The energy industry has also played a role in our path to the Middle East. Indeed most of Bush’s cabinet has some connection to the energy industry, so much so that it might not be too much of a stretch to infer that the energy industry along with so-called defense industry (war industry) is in charge of our foreign policy if it can thusly be dignified with that name. For really you could say that when we say foreign policy what we really mean is the use of brute force or the threat of brute force. From East Timor to the Middle East it has been a bloody path, and one that is paved with enormous amounts of cash for the war industry and energy industries.

Really the only way to make sense out of this is to follow the money. Never mind the flag waving rhetoric used by our government and its lackeys and stooges in the news media of which there is no shortage on both sides of the isle liberal and conservative alike. War is and always has been about the gain of something tangible -- be it goods or money. In fact anthropologists will tell you that all wars are about the build up of goods by one country needed by another and Iraq has been no exception to this rule nor will Iran when the time comes to pulverize that nation and there is little doubt that that time is near at hand.

I believe it is important to keep these things in mind because it explains much. Some cannot understand why the Democratic Party has not ended the occupation of Iraq, ended the torture of prisoners, or done anything substantial to block the rising police state in America. Some cannot understand the true nature of Bush’s supposed failure in Iraq. The answer is that these are failures by design or put more simply they are successes not failures at all. If you desire to suck a nation dry of its life blood would you want it to have a strong government? Would you want the inhabitants to be prosperous and comfortable? Of course not for if you had to deal with a strong government you would not be able to grab the prize and if the inhabitants were prosperous they would have the time and energy to fight you more efficiently, no, you are much better off with a nation in disarray and a weak government. And as for bringing the troops home why would you do this if you were planning to attack Iran? As for the “failures” of the Democratic Party I believe that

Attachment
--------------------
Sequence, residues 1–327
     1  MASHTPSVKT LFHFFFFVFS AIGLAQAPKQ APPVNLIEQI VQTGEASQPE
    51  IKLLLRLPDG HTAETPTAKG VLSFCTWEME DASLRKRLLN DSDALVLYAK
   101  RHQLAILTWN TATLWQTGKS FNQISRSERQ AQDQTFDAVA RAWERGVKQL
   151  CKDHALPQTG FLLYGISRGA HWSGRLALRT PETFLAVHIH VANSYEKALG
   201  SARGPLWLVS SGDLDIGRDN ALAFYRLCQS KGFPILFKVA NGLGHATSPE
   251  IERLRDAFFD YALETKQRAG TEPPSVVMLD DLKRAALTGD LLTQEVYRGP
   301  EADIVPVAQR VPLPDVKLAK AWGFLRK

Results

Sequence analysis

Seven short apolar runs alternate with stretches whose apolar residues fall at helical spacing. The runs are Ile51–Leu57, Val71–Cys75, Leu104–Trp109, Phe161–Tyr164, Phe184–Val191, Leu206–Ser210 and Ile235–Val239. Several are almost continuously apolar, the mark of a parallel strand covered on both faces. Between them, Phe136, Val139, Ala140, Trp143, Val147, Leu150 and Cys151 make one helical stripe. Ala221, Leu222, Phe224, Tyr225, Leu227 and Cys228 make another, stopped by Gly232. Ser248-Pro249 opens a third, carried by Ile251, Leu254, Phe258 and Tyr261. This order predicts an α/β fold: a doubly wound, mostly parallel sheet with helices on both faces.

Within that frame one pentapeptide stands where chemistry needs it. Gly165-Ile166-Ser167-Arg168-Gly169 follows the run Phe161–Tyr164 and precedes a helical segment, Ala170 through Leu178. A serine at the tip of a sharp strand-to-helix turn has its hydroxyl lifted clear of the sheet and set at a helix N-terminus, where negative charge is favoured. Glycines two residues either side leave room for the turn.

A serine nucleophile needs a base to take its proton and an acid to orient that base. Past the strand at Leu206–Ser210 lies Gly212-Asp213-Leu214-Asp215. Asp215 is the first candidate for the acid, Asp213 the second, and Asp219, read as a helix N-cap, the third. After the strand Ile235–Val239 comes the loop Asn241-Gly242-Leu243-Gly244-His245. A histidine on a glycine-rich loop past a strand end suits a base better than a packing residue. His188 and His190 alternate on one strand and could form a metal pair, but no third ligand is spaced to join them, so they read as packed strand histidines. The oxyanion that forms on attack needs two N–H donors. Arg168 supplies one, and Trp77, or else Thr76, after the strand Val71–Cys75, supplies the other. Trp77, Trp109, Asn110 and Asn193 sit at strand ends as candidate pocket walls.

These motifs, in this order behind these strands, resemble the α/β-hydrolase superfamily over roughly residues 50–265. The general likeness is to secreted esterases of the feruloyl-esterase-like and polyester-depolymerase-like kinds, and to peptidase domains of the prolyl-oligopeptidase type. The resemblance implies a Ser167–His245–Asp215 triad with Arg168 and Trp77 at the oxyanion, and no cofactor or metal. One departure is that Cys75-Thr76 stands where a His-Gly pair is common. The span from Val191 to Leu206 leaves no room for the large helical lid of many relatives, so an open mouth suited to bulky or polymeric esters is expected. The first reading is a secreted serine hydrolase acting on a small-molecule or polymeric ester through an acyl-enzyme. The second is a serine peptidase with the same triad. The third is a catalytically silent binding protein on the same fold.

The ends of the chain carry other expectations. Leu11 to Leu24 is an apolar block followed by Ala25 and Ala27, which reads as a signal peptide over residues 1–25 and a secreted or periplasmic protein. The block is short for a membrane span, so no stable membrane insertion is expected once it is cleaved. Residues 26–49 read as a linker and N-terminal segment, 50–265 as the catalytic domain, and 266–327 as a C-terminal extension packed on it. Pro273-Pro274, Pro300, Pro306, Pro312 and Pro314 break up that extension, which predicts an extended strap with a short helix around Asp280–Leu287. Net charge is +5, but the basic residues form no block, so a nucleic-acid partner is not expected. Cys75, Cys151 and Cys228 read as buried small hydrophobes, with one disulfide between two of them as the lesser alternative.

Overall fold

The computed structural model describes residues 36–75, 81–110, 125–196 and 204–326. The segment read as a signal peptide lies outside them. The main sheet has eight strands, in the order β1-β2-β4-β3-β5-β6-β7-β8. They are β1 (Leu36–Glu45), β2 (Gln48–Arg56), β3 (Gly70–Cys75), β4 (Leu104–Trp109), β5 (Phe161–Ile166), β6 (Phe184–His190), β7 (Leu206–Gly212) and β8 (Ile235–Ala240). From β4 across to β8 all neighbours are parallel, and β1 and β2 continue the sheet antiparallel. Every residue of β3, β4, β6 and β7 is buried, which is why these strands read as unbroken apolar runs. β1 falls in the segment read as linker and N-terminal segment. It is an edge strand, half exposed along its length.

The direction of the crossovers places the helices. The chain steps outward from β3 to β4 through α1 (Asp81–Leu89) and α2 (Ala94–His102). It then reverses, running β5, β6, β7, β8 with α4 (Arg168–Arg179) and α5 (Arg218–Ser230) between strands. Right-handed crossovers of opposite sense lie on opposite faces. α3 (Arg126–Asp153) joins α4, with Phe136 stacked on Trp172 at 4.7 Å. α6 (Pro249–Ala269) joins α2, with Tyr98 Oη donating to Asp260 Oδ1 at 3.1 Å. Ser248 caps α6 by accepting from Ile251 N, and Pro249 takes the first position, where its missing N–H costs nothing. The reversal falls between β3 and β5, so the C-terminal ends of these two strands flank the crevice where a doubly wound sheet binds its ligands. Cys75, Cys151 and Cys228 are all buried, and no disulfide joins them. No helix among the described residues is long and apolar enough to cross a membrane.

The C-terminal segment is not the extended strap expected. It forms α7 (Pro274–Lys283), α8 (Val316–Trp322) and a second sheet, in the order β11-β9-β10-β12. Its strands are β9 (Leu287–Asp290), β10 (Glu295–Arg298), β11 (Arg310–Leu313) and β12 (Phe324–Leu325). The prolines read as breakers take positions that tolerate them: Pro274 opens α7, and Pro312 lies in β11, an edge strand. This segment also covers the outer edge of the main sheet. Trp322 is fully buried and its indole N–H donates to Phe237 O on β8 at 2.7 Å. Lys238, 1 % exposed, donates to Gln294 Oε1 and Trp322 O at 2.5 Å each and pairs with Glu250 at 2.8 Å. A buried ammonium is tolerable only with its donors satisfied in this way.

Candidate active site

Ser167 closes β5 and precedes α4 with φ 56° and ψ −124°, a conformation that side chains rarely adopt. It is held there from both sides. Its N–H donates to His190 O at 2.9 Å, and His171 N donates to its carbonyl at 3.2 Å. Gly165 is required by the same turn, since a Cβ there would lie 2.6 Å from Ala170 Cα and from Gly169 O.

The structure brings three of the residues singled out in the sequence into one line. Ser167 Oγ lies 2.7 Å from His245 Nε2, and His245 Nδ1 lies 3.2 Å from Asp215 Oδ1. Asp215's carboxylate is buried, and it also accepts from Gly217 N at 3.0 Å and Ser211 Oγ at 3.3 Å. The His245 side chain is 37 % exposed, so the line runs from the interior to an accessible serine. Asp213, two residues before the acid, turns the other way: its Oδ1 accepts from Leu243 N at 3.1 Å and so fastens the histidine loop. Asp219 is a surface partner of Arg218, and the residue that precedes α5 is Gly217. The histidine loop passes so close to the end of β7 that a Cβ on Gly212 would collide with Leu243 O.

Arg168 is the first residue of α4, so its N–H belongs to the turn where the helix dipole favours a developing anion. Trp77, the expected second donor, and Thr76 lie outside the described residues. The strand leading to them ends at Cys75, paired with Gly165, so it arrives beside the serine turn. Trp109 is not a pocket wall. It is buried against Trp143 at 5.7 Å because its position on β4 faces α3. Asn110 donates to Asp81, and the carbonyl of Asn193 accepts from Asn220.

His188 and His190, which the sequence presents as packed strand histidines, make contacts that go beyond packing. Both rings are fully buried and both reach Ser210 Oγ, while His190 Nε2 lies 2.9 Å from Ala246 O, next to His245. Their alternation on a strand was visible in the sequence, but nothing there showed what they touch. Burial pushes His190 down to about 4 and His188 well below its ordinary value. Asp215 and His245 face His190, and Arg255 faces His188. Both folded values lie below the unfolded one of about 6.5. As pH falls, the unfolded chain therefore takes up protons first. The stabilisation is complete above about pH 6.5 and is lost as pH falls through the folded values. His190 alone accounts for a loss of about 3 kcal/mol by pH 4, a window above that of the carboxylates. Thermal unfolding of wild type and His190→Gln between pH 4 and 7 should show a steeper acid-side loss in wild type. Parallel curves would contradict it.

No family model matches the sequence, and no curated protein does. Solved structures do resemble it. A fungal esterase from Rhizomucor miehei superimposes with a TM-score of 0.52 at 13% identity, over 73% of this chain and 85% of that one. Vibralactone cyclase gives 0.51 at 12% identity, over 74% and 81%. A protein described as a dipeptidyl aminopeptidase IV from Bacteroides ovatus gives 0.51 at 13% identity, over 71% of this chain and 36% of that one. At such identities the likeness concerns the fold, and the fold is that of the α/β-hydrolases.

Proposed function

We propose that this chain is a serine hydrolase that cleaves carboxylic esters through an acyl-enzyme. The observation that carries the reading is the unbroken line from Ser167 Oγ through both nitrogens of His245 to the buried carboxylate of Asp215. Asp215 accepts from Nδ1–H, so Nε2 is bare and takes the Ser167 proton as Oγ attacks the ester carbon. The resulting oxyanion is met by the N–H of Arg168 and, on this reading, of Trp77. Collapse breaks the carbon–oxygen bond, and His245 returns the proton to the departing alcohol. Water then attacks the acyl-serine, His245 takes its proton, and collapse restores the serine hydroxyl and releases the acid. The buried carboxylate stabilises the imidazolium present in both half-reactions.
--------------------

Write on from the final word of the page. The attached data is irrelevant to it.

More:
Chalmers Johnson put it quite succinctly in his recent essay at Tom Dispatch the most important part of which I have put below emphasis added.

With this book, Stephen Holmes largely succeeds in elevating criticism of contemporary American imperialism in the Middle East to a new level. In my opinion, however, he underplays the roles of American imperialism and militarism in exploiting the 9/11 crisis to serve vested interests in the military-industrial complex, the petroleum industry, and the military establishment. Holmes leaves the false impression that the political system of the United States is capable of a successful course correction. But, as Andrew Bacevich, author of The New American Militarism: How Americans Are Seduced by War, puts it: "None of the Democrats vying to replace President Bush is doing so with the promise of reviving the system of checks and balances…. The aim of the party out of power is not to cut the presidency down to size but to seize it, not to reduce the prerogatives of the executive branch but to regain them."